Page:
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                Author and article information

                Affiliations
                Aarti Sharma, Annapurna Gupta, Alka Yadav, Ashok Kumar, Department of Surgical Gastroenterology, Sanjay Gandhi Post Graduate Institute of Medical Sciences, Lucknow 226014, India
                Kiran Lata Sharma, Department of Biochemistry and Medical Genetics, John Buhler Research Centre, University of Manitoba, Winnipeg MB R3E 3P4, Canada
                Author notes

                Author contributions: Sharma A, Sharma KL and Kumar A have written the manuscript; Sharma A, Sharma KL and Gupta A has contributed in literature search; Sharma A, Sharma KL, Gupta A and Yadav A have contributed in designing tables as well as referencing; Kumar A is senior Corresponding author; Sharma KL is co-corresponding author; all the authors have approved the final version of the manuscript.

                Correspondence to: Dr. Ashok Kumar, Professor, Department of Surgical Gastroenterology, Sanjay Gandhi Post Graduate Institute of Medical Sciences, Raebareli Road, Lucknow 226014, India. akgupta@ 123456sgpgi.ac.in

                Telephone: +91-522-2494423 Fax: +91-522-2668017

                Journal
                World J Gastroenterol
                World J. Gastroenterol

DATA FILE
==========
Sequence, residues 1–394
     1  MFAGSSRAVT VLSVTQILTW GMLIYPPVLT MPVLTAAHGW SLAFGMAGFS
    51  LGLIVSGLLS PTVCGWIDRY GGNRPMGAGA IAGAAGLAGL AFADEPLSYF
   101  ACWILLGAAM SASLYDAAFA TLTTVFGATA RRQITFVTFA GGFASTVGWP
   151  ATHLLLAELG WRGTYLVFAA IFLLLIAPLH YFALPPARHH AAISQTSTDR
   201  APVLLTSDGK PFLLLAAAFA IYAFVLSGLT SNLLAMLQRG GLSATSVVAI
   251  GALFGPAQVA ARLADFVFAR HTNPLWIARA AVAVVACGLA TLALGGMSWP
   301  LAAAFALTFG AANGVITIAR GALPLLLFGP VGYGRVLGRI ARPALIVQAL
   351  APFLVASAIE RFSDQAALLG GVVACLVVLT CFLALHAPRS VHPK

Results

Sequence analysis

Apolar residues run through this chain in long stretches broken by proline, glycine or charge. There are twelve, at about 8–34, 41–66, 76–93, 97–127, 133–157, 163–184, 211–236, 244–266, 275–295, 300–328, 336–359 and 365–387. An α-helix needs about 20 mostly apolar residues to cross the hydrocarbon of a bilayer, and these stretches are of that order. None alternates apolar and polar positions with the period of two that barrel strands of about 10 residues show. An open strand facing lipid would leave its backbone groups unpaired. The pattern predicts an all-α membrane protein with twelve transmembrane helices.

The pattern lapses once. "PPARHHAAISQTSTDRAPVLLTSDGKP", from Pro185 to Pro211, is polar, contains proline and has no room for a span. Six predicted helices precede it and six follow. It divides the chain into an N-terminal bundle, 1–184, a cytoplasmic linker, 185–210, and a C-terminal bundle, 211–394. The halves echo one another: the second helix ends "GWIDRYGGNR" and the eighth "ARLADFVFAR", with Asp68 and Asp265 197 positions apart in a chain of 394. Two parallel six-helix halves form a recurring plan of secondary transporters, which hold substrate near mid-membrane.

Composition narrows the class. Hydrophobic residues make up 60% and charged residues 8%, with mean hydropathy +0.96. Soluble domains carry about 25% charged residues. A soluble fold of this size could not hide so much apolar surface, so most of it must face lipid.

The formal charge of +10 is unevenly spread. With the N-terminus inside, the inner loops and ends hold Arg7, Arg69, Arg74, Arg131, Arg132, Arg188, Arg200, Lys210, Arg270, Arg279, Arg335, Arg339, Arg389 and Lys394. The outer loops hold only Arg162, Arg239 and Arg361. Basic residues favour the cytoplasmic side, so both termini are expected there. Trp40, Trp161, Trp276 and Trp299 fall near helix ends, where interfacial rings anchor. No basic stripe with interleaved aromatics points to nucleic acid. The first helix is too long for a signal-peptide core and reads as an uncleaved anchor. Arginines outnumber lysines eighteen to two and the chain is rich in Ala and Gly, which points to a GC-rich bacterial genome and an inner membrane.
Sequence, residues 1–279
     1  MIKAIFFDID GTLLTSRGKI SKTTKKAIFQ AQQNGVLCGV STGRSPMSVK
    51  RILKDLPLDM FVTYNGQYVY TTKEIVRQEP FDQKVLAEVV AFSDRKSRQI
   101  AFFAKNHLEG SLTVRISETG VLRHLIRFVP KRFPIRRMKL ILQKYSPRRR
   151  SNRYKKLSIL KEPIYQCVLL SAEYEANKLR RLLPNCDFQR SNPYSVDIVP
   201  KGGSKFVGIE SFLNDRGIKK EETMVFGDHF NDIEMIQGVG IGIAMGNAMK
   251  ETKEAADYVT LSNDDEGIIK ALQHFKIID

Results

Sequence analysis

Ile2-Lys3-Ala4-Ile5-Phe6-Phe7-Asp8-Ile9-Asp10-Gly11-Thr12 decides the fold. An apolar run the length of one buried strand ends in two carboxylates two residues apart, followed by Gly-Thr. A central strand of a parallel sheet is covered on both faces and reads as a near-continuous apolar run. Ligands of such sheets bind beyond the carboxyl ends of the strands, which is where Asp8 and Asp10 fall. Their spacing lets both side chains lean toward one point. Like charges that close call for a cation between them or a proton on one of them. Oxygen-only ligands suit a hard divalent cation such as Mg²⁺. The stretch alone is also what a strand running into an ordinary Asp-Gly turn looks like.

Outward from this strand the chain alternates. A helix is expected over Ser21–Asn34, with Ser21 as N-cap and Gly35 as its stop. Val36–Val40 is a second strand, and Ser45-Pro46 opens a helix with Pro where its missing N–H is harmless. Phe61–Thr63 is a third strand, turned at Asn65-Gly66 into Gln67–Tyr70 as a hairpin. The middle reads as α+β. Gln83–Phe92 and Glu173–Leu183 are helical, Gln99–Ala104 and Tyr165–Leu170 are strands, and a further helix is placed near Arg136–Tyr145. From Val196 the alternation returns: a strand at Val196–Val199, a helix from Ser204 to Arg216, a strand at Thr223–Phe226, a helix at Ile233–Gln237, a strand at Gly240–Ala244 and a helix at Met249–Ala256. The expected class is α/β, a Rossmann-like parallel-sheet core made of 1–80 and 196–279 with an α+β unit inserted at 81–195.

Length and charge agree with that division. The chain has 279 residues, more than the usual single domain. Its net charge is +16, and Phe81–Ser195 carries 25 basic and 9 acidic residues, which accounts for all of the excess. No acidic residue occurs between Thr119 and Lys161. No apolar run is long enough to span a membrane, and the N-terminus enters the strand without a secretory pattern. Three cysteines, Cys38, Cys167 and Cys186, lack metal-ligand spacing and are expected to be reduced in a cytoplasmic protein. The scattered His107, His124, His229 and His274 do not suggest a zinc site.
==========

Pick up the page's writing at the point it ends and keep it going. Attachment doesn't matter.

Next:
WJG
                World Journal of Gastroenterology
                Baishideng Publishing Group Inc
                1007-9327
                2219-2840
                14 June 2017
                14 June 2017
                : 23
                : 22
                : 3978-3998
                5473118 jWJG.v23.i22.pg3978 10.3748/wjg.v23.i22.3978
                ©The Author(s) 2017. Published by Baishideng Publishing Group Inc. All rights reserved.

                Open-Access: This article is an open-access article which was selected by an in-house editor and fully peer-reviewed by external reviewers. It is distributed in accordance with the Creative Commons Attribution Non Commercial (CC BY-NC 4.0) license, which permits others to distribute, remix, adapt, build upon this work non-commercially, and license their derivative works on different terms, provided the original work is properly cited and the use is non-commercial. See: http://creativecommons.org/licenses/by-nc/4.0/